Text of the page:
From the outside, the wine industry may seem to be dominated by rich, older men with class and good taste. On the inside, though, many women experience sexual aggression powered by free-flowing alcohol in a heavily male-dominated industry. But getting relief from sexual assault and harassment within this sales-based industry can be hard. It raises the question of what to do about sexual assault between vendors.
The New York Times has published a report naming Anthony Cailan as a part of the #MeToo problem. Cailan is a 29-year-old wine celebrity who worked in influential Los Angeles restaurants like Bestia, Animal and Eggslut before moving to New York to help launch the Usual. He has been featured on the cover of Wine & Spirits Magazine as one of the “BEST NEW SOMMS” and has regularly received glowing media attention nationwide.
But behind the scenes, Cailan’s reputation is not nearly so bright. He has been a frequent subject of reports of sexual assault and harassment. In January, five former co-workers, including his former boss, Jill Bernheimer of Domaine LA, sent him an email telling him to stay away from their restaurants and workplaces. Now four more employees and vendors have taken their complaints public, talking to the New York Times about their experiences.
Raquel Makler says she planned to follow Cailan from a Los Angeles wine bar to New York when he offered her a job at the Usual. When she was in town in June 2018 looking for an apartment, Makler alleges that Cailan texted her telling her he was too intoxicated to sleep and asking her to keep him company at his apartment. When she got there, she alleges he tried to give her wine and cocaine, kissed her and asked for sex. She reports saying no, reminding him he was her boss, but according to the New York Times, his answer was “We can just forget about that”. The report claims that the situation escalated to full sexual assault as Cailan is reported to have pushed his penis into her mouth and attempted to have sex with her before assaulting her with his hand instead. Makler said she was too shocked to physically resist, but she did begin looking for a new job right away.
One year later, Cailan is said to have sent a similar text to Sarah Fernandez, a sales representative for a wine company. She told the Times she had been trying to get Cailan to taste the wines she was selling, so she saw the late-night text as a business opportunity. She claims that she met Cailan at the bar Atoboy, before the two moved back to his apartment. But when she got there, she could tell immediately that he wasn’t interested in wine. Fernandez told the Times:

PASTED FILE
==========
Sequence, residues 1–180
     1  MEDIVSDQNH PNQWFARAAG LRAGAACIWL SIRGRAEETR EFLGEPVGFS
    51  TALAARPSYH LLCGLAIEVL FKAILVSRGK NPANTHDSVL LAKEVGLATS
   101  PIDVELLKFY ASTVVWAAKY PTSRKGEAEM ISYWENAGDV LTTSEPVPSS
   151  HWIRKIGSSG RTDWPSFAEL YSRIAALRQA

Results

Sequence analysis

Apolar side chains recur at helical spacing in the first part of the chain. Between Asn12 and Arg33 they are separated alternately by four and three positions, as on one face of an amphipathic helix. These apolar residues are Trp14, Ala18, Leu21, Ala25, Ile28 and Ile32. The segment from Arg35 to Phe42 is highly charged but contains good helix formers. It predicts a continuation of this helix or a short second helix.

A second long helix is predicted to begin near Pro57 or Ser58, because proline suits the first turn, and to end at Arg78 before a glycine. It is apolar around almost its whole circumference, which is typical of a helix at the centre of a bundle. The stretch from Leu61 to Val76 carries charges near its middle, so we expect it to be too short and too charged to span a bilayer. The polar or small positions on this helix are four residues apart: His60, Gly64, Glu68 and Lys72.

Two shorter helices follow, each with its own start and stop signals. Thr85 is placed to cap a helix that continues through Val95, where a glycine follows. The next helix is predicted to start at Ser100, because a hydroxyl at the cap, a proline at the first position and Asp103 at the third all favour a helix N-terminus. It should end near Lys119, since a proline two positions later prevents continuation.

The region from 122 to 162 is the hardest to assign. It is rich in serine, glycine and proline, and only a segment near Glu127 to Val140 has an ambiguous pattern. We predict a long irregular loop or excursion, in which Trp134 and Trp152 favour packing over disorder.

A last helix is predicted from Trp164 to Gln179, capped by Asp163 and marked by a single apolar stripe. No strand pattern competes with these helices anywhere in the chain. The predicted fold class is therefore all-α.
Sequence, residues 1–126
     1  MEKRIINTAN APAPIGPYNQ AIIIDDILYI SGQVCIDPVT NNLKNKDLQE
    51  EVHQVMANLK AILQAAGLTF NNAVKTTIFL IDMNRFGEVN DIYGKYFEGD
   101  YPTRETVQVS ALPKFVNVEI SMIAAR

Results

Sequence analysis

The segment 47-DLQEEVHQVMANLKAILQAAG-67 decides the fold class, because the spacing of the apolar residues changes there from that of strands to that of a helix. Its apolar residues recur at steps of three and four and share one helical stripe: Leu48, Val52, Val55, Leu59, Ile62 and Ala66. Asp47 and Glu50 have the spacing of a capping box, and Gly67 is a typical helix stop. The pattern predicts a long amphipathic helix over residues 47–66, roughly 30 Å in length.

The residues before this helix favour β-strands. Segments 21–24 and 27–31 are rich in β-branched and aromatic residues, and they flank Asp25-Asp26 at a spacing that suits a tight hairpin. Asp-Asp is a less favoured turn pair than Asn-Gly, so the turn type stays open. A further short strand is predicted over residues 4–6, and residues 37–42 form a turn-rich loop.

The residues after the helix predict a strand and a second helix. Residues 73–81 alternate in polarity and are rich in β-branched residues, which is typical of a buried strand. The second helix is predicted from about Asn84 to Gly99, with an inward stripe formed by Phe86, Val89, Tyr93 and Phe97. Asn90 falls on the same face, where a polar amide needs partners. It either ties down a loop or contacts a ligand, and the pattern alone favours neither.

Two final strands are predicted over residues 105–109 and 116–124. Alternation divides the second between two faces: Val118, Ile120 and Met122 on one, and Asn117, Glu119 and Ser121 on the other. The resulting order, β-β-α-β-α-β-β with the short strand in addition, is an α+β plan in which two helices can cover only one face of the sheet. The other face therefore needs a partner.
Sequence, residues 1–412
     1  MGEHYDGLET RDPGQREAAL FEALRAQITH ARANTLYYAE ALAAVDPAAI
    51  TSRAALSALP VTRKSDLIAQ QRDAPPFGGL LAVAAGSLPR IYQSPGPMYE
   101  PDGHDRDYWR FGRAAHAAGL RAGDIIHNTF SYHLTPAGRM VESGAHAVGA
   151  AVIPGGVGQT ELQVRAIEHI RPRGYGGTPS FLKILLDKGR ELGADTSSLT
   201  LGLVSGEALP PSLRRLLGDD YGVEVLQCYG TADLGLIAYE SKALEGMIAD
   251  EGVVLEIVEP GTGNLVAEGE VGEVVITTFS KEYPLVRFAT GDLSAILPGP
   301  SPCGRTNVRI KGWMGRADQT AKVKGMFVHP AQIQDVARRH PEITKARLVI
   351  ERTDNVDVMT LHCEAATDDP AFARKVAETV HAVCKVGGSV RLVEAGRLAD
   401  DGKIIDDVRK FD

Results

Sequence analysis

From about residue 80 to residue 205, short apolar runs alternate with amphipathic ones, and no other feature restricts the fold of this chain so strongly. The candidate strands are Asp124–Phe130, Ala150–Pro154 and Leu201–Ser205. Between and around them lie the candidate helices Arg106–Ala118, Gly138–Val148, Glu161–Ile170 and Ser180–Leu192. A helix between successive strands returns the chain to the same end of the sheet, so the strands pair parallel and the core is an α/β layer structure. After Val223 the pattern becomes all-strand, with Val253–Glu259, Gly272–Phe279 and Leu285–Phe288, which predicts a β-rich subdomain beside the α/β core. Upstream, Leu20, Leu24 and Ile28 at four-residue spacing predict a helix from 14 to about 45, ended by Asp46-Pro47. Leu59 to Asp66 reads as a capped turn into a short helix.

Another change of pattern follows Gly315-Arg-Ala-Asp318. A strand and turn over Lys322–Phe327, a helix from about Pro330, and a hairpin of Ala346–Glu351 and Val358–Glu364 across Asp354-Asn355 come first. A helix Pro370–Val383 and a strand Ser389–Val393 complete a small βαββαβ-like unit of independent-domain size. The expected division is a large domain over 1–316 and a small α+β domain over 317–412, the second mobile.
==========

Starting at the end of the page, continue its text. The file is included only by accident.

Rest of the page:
“‘I want to be clear: I am a grown woman who was consenting to make out with him, consenting to go to his apartment, consenting to sit with his arm around me,’ Ms. Fernandez said. But, she said, she strongly resisted what happened next. ‘He kept putting his hands on my thighs, he kept trying to get into my underwear. He would not take no for an answer.’”
Fernandez and Makler were both afraid of making an enemy of the famous and influential somm by coming forward about what happened. However, they each told coworkers about their stories shortly after they happened, and eventually their stories joined with others to show a pattern of sexual assault and harassment.
Employees like Ms. Makler have a straightforward process to raise sexual assault and harassment claims against their supervisors or employers. Most larger companies have internal HR complaint processes. If those fail, you work for a smaller company, or your complaint is against the owner themselves, you can also file complaints with the federal Equal Employment Opportunity Commission, the New York Human Rights Division, or in state or federal court.
But what Cailan’s case shows is that sexual assault doesn’t stay within the lines of a single corporate structure. The somm was known as an expert networker in an industry that thrives on interactions between wine manufacturers, distributors, and the restaurants themselves. As a sales representative for a vendor, Ms. Fernandez alleges she was exposed to all the same sexual assault and harassment as Cailan’s employees, but Title VII of the federal Civil Rights Act only applies to employees and employers. Vendors, sales representatives, and even independent contractors often have their complaints denied because they don’t fit within the definition of an employee.
More recently, the New York state legislature saw the problem with the gaps left open by the federal law. Since April 12, 2018, the New York State Human Rights Law has been expanded to cover nearly any case of sexual assault or harassment in a professional business setting. Employers are now required to respond to complaints raised by their employers, independent contractors, subcontractors, vendors, consultants, and even service technicians -- basically anyone doing work on their job sites.
The New York State Human Rights Law goes much further to protect residents facing sexual assault and harassment whereever they work. But that doesn’t mean it will cover every situation. Ms. Ferndandez, for example, could still face challenges since her sales call happened at a bar and then Cailan’s apartment, rather than at his restaurant. Regardless of where the conduct happened, Ms. Fernandez may still be able to pursue criminal charges against him for sexual assault, but on the civil side, it will be up to her employment discrimination attorney to make the case that Cailan’s sexual misconduct fits within the state law’s definition of sexual harassment in the workplace.
At Eisenberg & Baum, LLP, our experienced gender discrimination and sexual harassment attorneys have seen all kinds of employment arrangements. We know how to make the New York State Human Rights Law work for vendors, sales representatives, and other traveling professionals. Contact us to schedule a consultation at our office in New York City, or over the phone.